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The Industrial Revolution

(Tour code: REH17)Discover the industries that brought Britain to the summit of its power

Discover the industries that brought Britain to the summit of its power by the end of the 19th century. Learn about the people who drove these industries, visiting four World Heritage sites along the way.


Take advantage of our latest saving of up to £25 per person when booking your Europe, UK and Ireland Summer 2017 holiday on or before 31st October 2016. Terms & Conditions

Tour Highlights
  • Saltaire Village Experience
  • Clifton Suspension Bridge
  • Salt’s Mill & Quarry Bank Mill
  • Museum of Science & Industry
  • Llangollen Railway and Pontcysyllte Aqueduct
  • Iron Bridge & Tollhouse
  • Coalbrookdale Museum & Blist Hill
  • Big Pit National Coal Museum
  • Blaenavon Steam Railway & Ironworks
  • SS Great Britain
What’s Included (Full details)
  • Heritage Rail Excursion
  • 4* Hotel Accommodation
    Breakfast Every Day
  • Optional Bag Concierge

Itinerary & Map

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Departure Times

On many of our UK & Ireland tours, you may check in at the first hotel on your itinerary anytime after 14:00; your Tour Manager will be available between 16:00 and 18:00. However, if you are arriving later, you can meet your Tour Manager before dinner from 19:00.


The Industrial Revolution

The Industrial Revolution was a turbulent yet exciting time in British history, which saw the introduction of machines and new manufacturing processes into the world of production.

Although sometimes controversial, the development of new technology, including steam-powered engines, the spinning jenny and the power loom, allowed for the mass production of goods and gradually led to the improvement of life and livelihood for the British population. This fascinating era also saw the rise of the locomotive, and with it, the beginnings of the British rail network. Although Britain has one of the oldest railways, with its first opened in 1825, it was the Industrial Revolution that spurred on a new wave of network development, allowing for easier transportation of goods for manufacturing.

One of the greatest engineers of this period was Isambard Kingdom Brunel. His contributions included a large part of the Great Western Railway, which linked London with Bristol, and its iconic London terminus, Paddington.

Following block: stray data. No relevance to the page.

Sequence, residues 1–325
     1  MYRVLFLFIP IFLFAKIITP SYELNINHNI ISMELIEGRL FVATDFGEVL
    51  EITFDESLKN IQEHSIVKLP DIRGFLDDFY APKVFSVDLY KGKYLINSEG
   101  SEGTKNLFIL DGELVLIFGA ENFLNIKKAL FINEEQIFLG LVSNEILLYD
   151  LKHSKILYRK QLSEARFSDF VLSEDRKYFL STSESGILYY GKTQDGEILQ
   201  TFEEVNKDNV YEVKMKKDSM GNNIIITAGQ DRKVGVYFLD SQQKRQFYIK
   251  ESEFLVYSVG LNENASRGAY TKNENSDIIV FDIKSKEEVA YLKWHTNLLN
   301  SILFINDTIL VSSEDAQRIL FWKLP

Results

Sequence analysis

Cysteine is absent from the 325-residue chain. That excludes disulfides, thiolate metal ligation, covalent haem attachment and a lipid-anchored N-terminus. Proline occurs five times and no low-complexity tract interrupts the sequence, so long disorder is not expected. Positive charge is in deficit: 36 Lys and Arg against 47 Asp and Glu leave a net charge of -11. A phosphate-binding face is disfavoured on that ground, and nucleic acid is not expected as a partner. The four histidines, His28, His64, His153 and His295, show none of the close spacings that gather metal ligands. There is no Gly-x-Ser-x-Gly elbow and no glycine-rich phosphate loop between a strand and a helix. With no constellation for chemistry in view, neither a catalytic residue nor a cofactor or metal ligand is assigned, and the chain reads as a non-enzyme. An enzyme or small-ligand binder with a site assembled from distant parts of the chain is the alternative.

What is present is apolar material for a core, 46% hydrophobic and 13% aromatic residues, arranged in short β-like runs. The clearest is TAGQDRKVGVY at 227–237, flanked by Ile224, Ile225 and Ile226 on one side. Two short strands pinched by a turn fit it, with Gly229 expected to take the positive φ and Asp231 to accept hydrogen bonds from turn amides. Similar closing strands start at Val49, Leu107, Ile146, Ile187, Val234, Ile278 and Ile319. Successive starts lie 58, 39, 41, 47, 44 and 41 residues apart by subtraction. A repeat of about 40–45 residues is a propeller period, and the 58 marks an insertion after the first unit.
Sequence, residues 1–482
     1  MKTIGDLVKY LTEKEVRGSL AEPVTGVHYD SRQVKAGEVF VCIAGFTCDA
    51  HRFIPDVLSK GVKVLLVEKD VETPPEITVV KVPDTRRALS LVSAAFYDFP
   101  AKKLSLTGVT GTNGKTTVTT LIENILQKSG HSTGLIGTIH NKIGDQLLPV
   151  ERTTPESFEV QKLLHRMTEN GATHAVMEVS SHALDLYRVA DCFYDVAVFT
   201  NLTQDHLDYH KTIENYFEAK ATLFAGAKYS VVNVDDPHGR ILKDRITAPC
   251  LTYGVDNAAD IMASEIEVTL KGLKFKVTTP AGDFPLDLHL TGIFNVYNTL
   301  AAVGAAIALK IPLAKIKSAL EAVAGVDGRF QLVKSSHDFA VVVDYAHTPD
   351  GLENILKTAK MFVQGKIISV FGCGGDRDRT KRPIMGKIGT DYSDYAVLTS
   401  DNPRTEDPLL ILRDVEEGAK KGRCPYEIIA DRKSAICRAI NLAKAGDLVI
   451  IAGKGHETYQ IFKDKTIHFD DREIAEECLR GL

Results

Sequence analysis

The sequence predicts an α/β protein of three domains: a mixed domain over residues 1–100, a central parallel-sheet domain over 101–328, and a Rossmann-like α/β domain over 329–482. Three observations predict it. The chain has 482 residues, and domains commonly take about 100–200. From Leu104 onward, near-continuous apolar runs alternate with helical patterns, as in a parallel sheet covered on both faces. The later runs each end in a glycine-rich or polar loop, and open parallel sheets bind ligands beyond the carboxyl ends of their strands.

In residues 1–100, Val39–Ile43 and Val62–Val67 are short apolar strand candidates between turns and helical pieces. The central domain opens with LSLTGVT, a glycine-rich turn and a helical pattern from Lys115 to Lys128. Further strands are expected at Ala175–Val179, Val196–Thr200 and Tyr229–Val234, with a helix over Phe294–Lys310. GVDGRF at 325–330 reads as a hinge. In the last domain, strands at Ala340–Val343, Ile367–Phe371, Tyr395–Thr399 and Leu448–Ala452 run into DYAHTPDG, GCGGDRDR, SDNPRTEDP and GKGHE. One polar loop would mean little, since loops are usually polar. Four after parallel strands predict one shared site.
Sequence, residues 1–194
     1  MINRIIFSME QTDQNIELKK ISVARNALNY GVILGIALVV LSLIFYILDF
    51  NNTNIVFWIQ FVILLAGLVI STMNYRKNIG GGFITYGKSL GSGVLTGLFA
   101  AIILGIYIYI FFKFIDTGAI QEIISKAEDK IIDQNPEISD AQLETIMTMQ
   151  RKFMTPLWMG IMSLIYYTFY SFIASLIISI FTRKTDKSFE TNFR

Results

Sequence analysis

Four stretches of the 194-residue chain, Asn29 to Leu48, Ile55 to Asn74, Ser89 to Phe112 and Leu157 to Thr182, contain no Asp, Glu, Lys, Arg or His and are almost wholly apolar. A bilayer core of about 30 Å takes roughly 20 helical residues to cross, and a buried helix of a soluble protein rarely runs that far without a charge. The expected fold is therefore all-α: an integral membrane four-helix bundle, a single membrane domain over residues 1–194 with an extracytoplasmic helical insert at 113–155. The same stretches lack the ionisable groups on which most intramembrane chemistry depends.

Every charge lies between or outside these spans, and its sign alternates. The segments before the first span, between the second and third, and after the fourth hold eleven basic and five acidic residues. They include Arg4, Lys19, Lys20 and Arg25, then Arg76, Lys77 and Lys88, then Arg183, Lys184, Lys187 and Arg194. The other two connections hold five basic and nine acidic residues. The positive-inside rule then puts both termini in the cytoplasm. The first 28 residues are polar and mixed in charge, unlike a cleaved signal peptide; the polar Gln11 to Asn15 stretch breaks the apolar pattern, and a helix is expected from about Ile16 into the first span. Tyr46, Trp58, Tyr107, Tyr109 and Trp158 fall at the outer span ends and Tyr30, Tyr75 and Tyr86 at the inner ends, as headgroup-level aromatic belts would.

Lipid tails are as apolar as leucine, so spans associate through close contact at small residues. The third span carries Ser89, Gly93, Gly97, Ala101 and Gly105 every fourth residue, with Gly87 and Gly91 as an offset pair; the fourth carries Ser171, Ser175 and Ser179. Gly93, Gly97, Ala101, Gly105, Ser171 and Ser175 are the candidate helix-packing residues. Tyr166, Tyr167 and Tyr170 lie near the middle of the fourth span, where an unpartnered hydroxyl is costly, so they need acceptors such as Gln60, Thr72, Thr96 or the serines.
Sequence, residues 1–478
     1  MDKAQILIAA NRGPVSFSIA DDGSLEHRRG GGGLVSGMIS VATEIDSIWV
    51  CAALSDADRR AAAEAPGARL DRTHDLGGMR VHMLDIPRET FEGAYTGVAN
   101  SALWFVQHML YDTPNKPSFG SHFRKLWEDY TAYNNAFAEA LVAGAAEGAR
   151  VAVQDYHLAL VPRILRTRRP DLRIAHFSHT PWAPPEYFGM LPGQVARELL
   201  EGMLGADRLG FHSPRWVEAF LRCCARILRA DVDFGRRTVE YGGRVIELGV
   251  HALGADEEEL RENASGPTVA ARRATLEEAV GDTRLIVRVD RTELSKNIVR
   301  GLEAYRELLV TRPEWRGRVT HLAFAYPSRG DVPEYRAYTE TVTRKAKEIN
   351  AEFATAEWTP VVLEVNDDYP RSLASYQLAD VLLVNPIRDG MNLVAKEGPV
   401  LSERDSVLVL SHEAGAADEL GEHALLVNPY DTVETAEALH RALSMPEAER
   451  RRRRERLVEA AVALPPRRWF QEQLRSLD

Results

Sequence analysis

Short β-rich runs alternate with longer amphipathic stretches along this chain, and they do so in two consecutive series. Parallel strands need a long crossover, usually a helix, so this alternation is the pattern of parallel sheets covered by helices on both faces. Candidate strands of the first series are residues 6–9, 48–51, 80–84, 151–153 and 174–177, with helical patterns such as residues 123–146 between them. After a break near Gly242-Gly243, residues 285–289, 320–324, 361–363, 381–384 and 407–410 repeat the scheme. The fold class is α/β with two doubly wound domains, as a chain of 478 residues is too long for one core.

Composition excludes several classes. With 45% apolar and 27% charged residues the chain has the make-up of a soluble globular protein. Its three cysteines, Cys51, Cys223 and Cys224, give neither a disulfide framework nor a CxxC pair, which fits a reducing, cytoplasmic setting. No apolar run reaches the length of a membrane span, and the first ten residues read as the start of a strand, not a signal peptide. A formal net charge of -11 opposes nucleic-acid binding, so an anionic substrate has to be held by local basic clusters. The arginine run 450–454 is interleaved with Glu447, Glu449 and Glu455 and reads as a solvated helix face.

Day 1

Meeting in Shrewsbury

This afternoon, meet your Tour Manager in Shrewsbury at the Mercure Albrighton Hall Hotel & Spa.

  • Dinner
Llangollen Railway
Day 2

Llangollen Railway & Pontcysyllte Aqueduct

This morning we embark on a scenic rail journey on the vintage Llangollen Railway. This steam-hauled service is the longest preserved standard gauge steam railway in Wales, at around 10 miles long. The route runs from Llangollen to Corwen and passes through the former Goods Yards of this one-time mining industry route. Upon returning to Llangollen, we transfer to a motorised canal boat for a trip through the beautiful Vale of Llangollen, passing over the mighty Pontcysyllte Aqueduct, the longest and highest aqueduct in Britain and a UNESCO World Heritage Site. The Aqueduct crosses over the valley of the River Dee and the waterway is 126 feet above the river itself, supported by giant hollow masonry pillars, each pillar spanning 53 feet alone. It was built by Thomas Telford and completed in 1805.

  • Breakfast, Dinner
Iron Bridge
Day 3

Ironbridge, Coalbrookdale & Blists Hill

Today we visit the wondrous Iron Bridge, built in the 18th century by Abraham Darby, the bridge is now one of the most iconic symbols of Britain's industrial revolution and offers fantastic views of the gorge and the River Severn below. We enjoy a guided tour of the magnificent bridge and the tollhouse that many traders and travellers have passed through over the preceding centuries. From here we continue to the Coalbrookdale Museum of Iron and discover the revolutionary techniques that made this small town one of the world's leading ironwork establishments.

The Museum boasts some fantastic works of iron art, including the magnificently crafted and intricately detailed Boy and Swan Fountain. We tour the mighty furnace where much of the ironworks here were crafted and smelted before being shipped all over the globe.

Our tour continues to the Darby houses, home of the Darby family and owners of the ironworks. The opulent interiors are still very much as they were at the height of the Industrial Revolution and offer a fantastic glimpse into the past, complete with much of the furniture and decor of the time period. Our tour concludes at the Blists Hill Victorian town, a recreation of a typical Industrial town that would have housed the workers of the ironworks. After time to explore the quaint homes and market place in the recreated village, we return to the hotel.